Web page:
But viewing these cracked eggs through a cultural lens can help temper some of the scorn. They might not work well as modern lamps and they’re much easier to vandalize, but they’re relics—they’re curiosity items. And they’re particularly eye-catching along Mack Avenue because there are so many of them, yet they’re still interspersed with more contemporary designs. This cool pic doesn’t win awards for clarity, but it still shows the juxtaposition of old and new streetlights, through their silhouettes.
Or on opposite sides of the street.
And on a depopulated residential street not so far from Mack, a different kind of lighting style emerges—perhaps not as old-fashioned but still an oddity.
Perhaps a style and technology that never caught on?
The irony of the 1950s-era (or maybe even 1940s) lighting that lingers on in Detroit is that, in a broader spatial context, it exemplifies technological advancements playfully defying shifts in taste culture for a particular design. On Mack Avenue, ancient streetlights bespeak a broke, ineffective government. And yet, elsewhere in the metro, they convey something else.
Forgiving the quality of the photo, it’s still easy to see a similar style of lighting to the ones on Mack Avenue, but this time they’re impeccable.
But this is the comfy suburb of Livonia, presumably part of a streetscape improvement along a thoroughly auto-oriented corridor of strip malls and big boxes. And they no doubt were a deliberate choice from the Public Works Department because they look good—providing a vintage, old-timey feel. Apparently they don’t worry in Livonia about ne’er-do-well pedestrians throwing rocks as these distended bulbs. Maybe it’s because Livonia has few ne’er-do-wells….and even fewer pedestrians. But even some of the economically healthier neighborhoods within Detroit have caught the bug, replacing older streetlights with a newly vintage design, like these twin lamps in Midtown, near Woodward Avenue:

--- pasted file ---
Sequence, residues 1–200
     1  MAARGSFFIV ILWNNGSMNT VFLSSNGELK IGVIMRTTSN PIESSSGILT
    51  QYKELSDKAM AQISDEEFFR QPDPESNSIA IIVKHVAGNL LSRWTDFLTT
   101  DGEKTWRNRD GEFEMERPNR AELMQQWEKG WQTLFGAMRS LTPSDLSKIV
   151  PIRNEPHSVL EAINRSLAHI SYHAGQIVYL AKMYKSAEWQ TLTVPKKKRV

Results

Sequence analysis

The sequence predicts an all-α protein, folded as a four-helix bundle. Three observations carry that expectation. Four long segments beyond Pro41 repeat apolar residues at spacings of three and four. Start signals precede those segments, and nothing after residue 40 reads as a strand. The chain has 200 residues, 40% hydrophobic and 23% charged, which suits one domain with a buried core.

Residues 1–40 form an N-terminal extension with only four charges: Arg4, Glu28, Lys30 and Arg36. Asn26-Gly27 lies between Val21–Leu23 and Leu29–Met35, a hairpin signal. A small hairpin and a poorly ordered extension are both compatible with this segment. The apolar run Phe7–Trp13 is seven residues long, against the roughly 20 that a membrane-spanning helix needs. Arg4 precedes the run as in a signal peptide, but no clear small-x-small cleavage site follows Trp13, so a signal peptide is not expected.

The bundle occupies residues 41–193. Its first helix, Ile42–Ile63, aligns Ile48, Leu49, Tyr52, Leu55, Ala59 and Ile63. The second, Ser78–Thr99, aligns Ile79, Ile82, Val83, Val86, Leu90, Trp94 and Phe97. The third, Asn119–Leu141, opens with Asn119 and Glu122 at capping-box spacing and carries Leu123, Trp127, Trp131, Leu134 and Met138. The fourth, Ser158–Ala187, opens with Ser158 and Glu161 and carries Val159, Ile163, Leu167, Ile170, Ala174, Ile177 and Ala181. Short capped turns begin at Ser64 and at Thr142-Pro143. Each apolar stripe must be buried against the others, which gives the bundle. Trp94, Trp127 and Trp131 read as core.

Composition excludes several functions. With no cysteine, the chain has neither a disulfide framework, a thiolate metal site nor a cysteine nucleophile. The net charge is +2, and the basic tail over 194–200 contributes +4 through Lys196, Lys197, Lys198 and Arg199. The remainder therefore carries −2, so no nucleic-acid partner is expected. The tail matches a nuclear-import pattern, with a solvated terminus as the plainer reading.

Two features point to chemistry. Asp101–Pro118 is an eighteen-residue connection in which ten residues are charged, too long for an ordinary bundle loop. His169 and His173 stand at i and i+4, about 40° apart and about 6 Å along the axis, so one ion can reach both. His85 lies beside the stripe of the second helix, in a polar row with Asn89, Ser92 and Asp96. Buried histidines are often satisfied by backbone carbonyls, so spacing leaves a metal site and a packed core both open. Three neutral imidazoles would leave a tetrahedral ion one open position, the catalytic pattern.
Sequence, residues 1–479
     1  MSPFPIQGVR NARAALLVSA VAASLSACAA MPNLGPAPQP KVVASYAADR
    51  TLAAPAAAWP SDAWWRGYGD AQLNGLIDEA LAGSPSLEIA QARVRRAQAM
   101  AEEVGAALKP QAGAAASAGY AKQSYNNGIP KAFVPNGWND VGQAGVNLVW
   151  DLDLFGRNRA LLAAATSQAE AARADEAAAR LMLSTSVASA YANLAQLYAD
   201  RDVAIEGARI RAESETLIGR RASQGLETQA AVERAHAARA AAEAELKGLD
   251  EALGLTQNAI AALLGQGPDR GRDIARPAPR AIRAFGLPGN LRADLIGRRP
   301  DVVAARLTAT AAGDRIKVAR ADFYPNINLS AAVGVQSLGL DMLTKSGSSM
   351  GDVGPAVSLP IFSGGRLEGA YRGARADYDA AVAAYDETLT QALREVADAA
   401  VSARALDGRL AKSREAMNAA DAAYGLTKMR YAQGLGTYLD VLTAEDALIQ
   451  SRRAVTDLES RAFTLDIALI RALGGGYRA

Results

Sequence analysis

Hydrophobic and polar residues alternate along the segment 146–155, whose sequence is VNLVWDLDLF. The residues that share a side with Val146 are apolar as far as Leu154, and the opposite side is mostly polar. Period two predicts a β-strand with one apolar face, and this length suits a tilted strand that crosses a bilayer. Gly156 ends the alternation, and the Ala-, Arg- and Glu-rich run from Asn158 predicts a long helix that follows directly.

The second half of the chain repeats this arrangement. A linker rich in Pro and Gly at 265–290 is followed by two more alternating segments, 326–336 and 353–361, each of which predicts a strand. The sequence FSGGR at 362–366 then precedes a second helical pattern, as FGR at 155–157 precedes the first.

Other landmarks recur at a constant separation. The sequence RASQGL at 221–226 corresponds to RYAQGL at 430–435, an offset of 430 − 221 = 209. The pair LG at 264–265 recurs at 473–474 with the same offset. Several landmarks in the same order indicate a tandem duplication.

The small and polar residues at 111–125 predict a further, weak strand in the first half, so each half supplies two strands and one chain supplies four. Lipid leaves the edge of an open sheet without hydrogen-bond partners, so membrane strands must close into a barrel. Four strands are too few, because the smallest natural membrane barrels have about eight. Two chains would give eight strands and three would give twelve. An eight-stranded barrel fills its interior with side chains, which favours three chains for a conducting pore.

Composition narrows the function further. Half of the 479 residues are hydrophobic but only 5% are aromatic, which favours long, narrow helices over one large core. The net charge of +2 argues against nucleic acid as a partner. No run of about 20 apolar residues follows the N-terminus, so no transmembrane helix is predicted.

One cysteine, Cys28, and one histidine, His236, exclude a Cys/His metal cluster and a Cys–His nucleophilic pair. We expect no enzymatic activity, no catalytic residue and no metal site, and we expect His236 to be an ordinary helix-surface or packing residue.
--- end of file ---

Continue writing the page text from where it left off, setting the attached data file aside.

This inversion of taste cultures pervades streetscapes across the country, where everything old is new again, in order to exploit nostalgia among a generation that never really experienced a normative walkable environment—a landscape that was still the standard during the era when city crew first installed those acorn mercury vapor lamps. We’re seduced by nostalgia and novelty; a hybrid of the two is doubly sweet. Just go to the French Quarter in New Orleans, where a city equally negligent in modernizing its utilities now capitalizes on this same inertia—the flickery gas lanterns that once were a backwater embarrassment are now ambience. Detroit isn’t yet so lucky to take similar advantage of its obsolete lighting (and the fact that most streets like Mack are a hodgepodge of styles doesn’t help), but that doesn’t mean that an emergent cultural voice won’t someday call those lights “genuine retro”, and the preached-upon choir will be listening.
The periodic “freshening” of basic urban infrastructure is only partly due to necessity, as it may very well be in Detroit. But a great deal simply has to do with keeping up with the joneses, resulting in often needlessly costly capital investments. For example, the standard for pedestrian signals at intersections now typically involves a “countdown” timer, telling pedestrians exactly how many seconds they have left to cross. While useful, are these timer boxes essential? Regardless, public works departments are rapidly phasing out the single-box approach for these new timer-boxes, with little evidence of public advocacy one way or another (despite the fact that the public inevitably is paying for most of these replacement costs). From decorative viaducts to Day-Glo yellow road caution signs, jurisdictions hell-bent on an infrastructural one-upmanship should look to Detroit as an inverse exemplar—what might happen when profligacy goes perpetually unchecked. Unless, of course, these granny-and-gramps streetlights become hip and cool again, in which case the Motor City might have the last laugh.